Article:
John McWhorter has a good and quite controversial essay on the race card and Herman Cain:
The left has been outraged at the Cain campaign’s response, but it also ought to feel a pang of recognition. If the race card is still a viable part of our national discourse in the Obama era, it is so at the behest of liberals—and it’s no less odious or callow when it is played by the left as when it is by the right.
Yes, such claims are generally more cynical, and less coherent, when they are deployed by conservatives. It borders on absurdity that the very conservatives who have harped on the importance of “moving past” racism are defending Cain as a victim of discrimination. In any case, the charges against Cain have become so concrete that it is cartoonish to pretend that racism is truly what is at stake.
But most of the left’s invocations of racism have also, in any objective sense, lost credibility—not because they follow Cain in trying to contradict specific facts, but because they have become so omnipresent and vague as to lose all meaning. Liberals imagine they are fighting the good fight, that they are uncovering truths about the hidden role of racism in the world. But what they have really been doing is making a dogma of racial grievance, one that has been exploited repeatedly by public figures on the left—and was bound to inevitably be deployed by politicians on the right.
McWhorter goes into the attempts to portray the Tea Party and the Obama opposition as racist, pointing out — as I have — that the invective deployed against pasty white Bill Clinton was just a vicious. Anyone remember The Boys on the Tracks? Or the conspiracy theories about the death of Ron Brown? Or the contention that he’d gotten a blow job from a star-struck 19-year-old …
Oh, wait. That last one happened, didn’t it?
I mean, Bill Clinton got impeached, for God’s sake. He was under constant investigation — mostly because he deserved to be under investigation, but at least partly because of politics.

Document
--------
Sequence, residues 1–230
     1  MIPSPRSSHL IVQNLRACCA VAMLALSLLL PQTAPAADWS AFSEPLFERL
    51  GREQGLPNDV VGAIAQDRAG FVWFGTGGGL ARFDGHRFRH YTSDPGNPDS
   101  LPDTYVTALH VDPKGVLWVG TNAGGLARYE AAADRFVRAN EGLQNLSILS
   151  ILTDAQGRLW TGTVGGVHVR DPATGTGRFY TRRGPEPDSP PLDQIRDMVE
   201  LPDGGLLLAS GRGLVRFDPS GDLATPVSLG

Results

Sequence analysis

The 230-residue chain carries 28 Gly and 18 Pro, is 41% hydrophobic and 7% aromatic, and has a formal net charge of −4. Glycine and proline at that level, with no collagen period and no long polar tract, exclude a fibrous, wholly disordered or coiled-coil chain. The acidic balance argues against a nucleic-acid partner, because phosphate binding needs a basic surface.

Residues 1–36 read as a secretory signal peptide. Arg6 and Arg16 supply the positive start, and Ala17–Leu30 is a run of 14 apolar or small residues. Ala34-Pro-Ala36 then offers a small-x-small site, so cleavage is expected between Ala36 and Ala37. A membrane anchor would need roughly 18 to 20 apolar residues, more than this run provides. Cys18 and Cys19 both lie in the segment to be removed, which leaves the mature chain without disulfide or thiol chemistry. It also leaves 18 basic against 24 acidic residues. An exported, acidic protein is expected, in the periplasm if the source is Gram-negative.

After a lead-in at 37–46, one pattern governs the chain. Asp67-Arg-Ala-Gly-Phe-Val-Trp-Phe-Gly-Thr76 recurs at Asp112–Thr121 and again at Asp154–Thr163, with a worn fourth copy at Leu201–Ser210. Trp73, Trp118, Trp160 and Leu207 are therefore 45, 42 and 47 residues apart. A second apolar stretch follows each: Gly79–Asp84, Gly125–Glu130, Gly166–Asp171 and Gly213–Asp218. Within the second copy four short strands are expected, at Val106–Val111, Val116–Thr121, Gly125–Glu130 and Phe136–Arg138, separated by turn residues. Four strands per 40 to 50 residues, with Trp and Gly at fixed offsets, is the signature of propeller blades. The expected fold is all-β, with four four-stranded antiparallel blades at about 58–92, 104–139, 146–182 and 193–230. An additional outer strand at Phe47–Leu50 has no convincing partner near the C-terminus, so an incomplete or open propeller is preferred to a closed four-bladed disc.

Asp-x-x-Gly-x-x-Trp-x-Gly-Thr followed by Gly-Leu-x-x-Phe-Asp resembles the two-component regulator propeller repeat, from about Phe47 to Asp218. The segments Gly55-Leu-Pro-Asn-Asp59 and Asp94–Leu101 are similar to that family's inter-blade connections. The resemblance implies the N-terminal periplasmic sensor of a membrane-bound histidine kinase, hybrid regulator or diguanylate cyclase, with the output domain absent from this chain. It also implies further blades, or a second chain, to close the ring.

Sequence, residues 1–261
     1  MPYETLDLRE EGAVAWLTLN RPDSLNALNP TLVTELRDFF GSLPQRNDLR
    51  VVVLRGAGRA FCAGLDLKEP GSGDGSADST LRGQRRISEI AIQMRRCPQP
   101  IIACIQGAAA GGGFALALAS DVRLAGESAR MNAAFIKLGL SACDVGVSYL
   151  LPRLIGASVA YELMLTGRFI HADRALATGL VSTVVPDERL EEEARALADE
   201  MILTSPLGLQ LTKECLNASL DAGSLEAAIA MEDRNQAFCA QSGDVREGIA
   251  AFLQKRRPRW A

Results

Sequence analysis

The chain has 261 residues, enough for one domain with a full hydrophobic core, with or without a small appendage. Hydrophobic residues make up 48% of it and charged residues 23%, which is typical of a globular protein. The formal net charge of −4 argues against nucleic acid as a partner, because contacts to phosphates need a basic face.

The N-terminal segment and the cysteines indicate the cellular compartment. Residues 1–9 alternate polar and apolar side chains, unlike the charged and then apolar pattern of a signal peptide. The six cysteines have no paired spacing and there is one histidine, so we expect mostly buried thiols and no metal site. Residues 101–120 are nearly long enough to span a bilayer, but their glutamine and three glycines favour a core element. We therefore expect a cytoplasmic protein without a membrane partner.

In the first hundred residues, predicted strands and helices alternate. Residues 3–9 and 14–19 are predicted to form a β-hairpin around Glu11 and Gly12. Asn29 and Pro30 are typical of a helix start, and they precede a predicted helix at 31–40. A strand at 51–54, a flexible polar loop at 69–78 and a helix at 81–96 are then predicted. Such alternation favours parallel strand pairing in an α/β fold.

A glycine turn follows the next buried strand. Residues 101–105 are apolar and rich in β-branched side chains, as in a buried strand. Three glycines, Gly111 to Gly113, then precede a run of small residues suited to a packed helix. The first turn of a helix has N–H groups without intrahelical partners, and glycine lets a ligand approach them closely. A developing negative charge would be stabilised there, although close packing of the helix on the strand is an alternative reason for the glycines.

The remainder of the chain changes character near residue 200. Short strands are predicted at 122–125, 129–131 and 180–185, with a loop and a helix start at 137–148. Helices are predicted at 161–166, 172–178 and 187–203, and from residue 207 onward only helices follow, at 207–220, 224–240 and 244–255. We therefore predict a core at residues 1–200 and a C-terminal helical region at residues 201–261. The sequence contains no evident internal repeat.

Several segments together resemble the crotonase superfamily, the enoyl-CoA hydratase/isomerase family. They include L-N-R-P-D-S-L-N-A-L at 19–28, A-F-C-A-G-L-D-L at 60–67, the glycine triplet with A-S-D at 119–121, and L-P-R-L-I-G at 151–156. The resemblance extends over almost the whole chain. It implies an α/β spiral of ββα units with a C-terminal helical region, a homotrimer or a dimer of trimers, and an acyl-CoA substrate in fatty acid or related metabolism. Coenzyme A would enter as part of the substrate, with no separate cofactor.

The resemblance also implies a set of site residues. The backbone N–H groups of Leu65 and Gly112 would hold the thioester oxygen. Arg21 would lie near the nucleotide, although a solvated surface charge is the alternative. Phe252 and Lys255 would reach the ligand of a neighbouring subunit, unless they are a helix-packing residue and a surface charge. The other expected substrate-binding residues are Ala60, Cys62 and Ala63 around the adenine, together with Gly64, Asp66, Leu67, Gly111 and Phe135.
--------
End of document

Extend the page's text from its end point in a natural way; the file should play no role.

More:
It’s not likely Obama is beyond reproach. A new analysis shows that $16 billion in DOE grants went to companies owned or run by Obama bundlers.
Nor, as McWhorter’s commenters seem to think, is he bashing a straw man. The contention that the fierce opposition to Obama is at least partially motivated by his skin color has been advanced by Michael Moore, Janeane Garofalo, Andrew Sullivan, numerous writers at Daily Kos, Jimmy Carter, Chris Matthews and Morgan Freeman — and that’s just off the top of my head. To be fair, Obama hasn’t invoked the race card, mainly because he’s too smart too. And several people like Donna Brazille, Tim Kaine and Deval Patrick have also refused, also because they’re too smart to. But this is more of a “slime and pivot” maneuver — letting the angry wing of the party screech while you pretend to be above it.
Now, suddenly, they want to back away from that. “Who, us? Play the race card? Pshaw!”
Are the allegations against Cain motivated by race? I don’t think so. The driving force here is that Herman Cain is (or was) the front-runner. And when you become the front-runner, every thing you’ve done, said or breathed on wrong is going to be dragged out into the open, sooner or later. That happens to everyone.